By Becky Olson
The face of medical marijuana in Colorado is changing.
Women make up a larger share of the patient population in Colorado than at any other time since the industry’s birth in 2009, with females accounting for 35% of the patient base today compared with 28.5% six years ago, according to reports from the Department of Public Health and Environment.
The average age of women patients in Colorado has also risen, from 42 in 2009 to 45 in 2015 – higher than the current average for men of 41.
The shift mirrors trends in the marijuana industry as a whole, where women are playing an increasing role as both consumers and business professionals.
The industry itself hasn’t traditionally embraced women, often using images of scantily clad females in advertising and marketing as part of an effort to appeal to men.
As the data in Colorado shows, cannabis businesses that engage in these tactics are alienating a key segment of the market, leaving plenty of revenue on the table.
Women are a growing and vocal part of the consumer base in general. They make up to 80% of family healthcare decisions and account for 85% of all consumer purchases these days, according to the U.S. Department of Labor and other research gathered by TheNextWeb.com. Women also account for about $7 trillion in annual consumer spending in the U.S.
Some marijuana businesses have taken notice of this demographic and are now specifically manufacturing and marketing cannabis products for women. Infused edibles such as baked goods and topicals such as lotions, lip balms and beauty products are just a few examples of how savvy marijuana entrepreneurs are capitalizing on the emergence of the female marijuana user.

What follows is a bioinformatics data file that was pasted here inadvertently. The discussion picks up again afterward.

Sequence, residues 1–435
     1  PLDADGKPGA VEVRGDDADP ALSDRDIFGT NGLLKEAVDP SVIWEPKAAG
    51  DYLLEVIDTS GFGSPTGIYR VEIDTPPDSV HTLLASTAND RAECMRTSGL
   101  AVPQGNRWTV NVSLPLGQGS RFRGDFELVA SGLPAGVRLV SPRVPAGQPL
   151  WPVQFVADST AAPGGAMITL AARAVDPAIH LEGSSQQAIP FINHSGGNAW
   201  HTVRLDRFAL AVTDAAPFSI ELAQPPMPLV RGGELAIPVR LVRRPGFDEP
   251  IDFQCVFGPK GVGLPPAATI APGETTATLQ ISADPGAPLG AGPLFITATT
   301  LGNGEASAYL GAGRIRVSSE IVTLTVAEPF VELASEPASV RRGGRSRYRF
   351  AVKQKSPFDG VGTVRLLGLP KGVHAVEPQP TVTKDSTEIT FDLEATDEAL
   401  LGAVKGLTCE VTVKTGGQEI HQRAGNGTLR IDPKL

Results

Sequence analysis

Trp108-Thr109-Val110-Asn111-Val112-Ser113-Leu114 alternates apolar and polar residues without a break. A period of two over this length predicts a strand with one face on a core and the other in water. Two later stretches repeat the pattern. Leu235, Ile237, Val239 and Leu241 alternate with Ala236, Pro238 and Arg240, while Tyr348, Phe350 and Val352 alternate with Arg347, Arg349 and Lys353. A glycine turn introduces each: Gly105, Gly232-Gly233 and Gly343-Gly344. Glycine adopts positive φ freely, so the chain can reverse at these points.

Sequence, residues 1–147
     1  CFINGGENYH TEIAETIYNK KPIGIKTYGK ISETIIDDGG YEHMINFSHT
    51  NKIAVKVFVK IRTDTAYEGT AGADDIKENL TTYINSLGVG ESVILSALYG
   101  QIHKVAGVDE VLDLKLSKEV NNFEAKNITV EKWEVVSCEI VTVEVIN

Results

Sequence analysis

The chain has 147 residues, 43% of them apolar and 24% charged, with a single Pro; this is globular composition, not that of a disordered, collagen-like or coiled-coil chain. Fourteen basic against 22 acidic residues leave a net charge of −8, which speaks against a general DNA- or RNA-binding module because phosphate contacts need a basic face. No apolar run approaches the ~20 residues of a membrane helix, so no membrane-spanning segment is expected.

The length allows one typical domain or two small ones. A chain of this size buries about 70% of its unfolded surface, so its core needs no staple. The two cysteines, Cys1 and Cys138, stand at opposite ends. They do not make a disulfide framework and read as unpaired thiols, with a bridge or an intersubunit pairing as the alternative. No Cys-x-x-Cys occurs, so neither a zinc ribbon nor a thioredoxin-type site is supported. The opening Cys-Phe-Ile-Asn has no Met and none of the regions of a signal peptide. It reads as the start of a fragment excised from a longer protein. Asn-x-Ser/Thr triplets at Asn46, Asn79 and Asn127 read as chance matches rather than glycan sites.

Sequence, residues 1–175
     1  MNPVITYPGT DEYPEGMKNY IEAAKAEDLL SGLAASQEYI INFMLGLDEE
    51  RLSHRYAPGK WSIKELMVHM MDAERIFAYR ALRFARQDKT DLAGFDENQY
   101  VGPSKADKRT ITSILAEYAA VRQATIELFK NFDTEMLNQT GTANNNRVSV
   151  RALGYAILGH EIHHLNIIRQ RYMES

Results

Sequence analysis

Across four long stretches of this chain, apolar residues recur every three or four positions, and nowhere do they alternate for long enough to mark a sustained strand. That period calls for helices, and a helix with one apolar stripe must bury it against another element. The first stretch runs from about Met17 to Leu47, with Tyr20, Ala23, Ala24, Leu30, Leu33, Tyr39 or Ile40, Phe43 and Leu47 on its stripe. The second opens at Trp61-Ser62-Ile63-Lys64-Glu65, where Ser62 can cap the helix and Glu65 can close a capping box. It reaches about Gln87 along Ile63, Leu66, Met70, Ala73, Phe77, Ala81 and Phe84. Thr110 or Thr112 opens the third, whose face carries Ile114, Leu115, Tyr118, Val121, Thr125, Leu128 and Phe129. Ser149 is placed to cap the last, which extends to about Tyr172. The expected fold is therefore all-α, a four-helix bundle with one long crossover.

“The woman consumer is usually looking for a low-anxiety product that calms nerves and also helps with sleep. [They want] something that is either task-orientated for a day experience with low anxiety and/or a sleepy calming edible for the evening,” according to Julie Dooley, owner of Julie’s Natural Edibles in Colorado.
Topicals also tend to be popular with medical patients, particularly women, because they offer therapeutic effects without the euphoria.
Women also tend to be more apprehensive about visiting dispensaries.
“Men are not as afraid to check out a dispensary, while my female consumers are very cautious and private,” Dooley said.
Companies that take note of this demographic by offering these types of products in a safe and upscale environment are working to tap into this part of the market by breaking down some of the sexism or stereotypes that may have kept them away until now.
Becky Olson can be reached at firstname.lastname@example.org